Located in the center of historic Georgetown in Washington, DC, the original building dates back to 1913, when it served as the headquarters of the Aid Association for the Blind of the District of Columbia, and was later the home of the Annie Hurt Foundation for the Blind.
In 1987 the facility passed under ownership of the District of Columbia government, after the last 11 residents transferred to other local homes. In 1992 it was converted to serve as the Devereux Children’s Center - a residence and treatment center for emotionally or behaviorally disturbed children and, after nearly 100 years, the property was declared surplus by the District of Columbia government in 2010. Soon after, the Office of the Deputy Mayor for Planning and Economic Development (“DMPED”) awarded Argos Group rights to redevelop the property for multi-family residential use.
In 2010 Sorg Architects was tasked to complete a historically sensitive restoration and conversion of this 33,000 sf property into 15 luxury condominiums. The meticulous renovation/restoration breathes life back to this historic landmark in the heart of Georgetown. The Montrose maintains the original façade of the 1913 building, including the dramatic front windows, front porch and columns.
The interior of the building is designed to evoke the elegance of the historic building, exterior in a modern idiom. It features a combination of flats and two story homes, including 2 with internal elevators. Units feature tall ceiling heights with recessed lighting, white oak wood flooring, individual storage units and 2 parking spaces allocated for each. Kitchens feature Thermadore appliances, white carrara marble countertops and solid cherry or maple cabinetry, giving them a modern, fresh feeling with clean lines. Beverage refrigerators hidden within kitchen islands, a hansgrohe faucet & pot filler over the cooktop and electrolux washers & dryers complete the look. Bathrooms are outfitted with waterworks fixtures, limestone floor to ceiling shower walls, frameless shower doors and granite countertops.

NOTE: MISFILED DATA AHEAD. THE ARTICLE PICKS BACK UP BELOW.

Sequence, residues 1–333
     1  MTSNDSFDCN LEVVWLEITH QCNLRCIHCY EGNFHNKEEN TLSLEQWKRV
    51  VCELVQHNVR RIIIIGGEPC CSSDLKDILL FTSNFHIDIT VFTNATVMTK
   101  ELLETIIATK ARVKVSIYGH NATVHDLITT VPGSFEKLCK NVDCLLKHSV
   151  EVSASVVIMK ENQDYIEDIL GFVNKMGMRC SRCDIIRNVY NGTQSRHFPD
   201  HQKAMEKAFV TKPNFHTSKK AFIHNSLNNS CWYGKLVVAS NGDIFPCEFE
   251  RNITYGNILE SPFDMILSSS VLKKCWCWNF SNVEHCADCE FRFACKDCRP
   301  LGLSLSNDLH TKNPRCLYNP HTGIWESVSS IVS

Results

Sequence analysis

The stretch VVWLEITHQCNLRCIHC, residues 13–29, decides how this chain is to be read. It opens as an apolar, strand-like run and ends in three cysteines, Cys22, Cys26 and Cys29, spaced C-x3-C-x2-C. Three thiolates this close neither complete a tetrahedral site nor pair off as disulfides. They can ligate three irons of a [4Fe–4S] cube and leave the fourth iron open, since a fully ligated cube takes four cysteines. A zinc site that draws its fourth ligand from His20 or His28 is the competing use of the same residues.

The sloping one acre lot is landscaped to provide the feeling of an urban garden compatible with the lush vegetation of the adjacent parkland. The historic exterior is juxtaposed with contemporary interior spaces and gardens. Details such as walnut entry doors, state-of-the art kitchens and bright, clean modern living spaces provide a warm, modern feel that revives the spirit of the rich, historic structure. Sorg further integrated the building’s unique history by incorporating multiple textures to better distinguish rooms and Braille signage that will accommodate the blind and visually impaired.
These luxury residences offer both the excitement of the city and the intimacy of a quiet neighborhood. The Montrose Residences’ historic renovation brings together a modern aesthetic and traditional features to provide a unique, luxury living experience.